Under Barger’s leadership, the Oakland Hells Angels chapter grew rapidly in size and influence. It was a chance encounter on the streets, with a guy named Vic Bettencourt, that opened Sonny’s eyes to the fact they weren’t alone, and that there were in fact many other Hells Angels clubs across California, almost all of them unaware of each other’s existence. Barger, seizing the opportunity, orchestrated the merging of these disparate charters, binding them together with shared club bylaws. Thanks to his vision and hard work, by 1966—when Hunter Thompson was riding with them—the Hells Angels had expanded their reach beyond California, all the way to New Zealand; by the end of the decade, they were all over the United States, and in England and Switzerland too, spreading across Europe like a wildfire.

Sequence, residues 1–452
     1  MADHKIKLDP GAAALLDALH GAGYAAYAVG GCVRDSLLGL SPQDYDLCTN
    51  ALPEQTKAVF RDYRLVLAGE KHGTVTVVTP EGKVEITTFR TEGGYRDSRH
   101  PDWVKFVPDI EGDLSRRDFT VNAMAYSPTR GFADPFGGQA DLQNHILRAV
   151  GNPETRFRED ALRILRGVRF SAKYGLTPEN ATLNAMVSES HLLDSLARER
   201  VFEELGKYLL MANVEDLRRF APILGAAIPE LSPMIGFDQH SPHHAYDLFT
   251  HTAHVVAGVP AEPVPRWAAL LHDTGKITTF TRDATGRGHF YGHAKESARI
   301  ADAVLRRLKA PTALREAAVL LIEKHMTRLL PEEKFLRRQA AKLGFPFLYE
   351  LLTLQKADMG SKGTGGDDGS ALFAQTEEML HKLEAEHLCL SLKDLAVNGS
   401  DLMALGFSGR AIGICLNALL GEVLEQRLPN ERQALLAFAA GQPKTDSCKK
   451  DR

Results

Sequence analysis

The original Hells Angels rulebook

The Hells Angels have long been known for their rebellious spirit and their aversion to rules and authority. It’s a sentiment that’s been echoed by many a Hells Angel over the years, including Barger himself. And yet, it was precisely the establishment of some basic laws that elevated the Hells Angels to iconic status as outlaws. And back in the 1960s, Barger was the first to recognize these laws’ necessity. Without them, there could be no cohesiveness, especially not amongst radical individualists as biker gang members; and without cohesiveness, there would be no clubs, no brotherhood, and no lasting legacy. “As much as we don’t like to make too many rules,” Barger wrote in his memoirs, “a few basics have kept the club in operation for over fifty years.”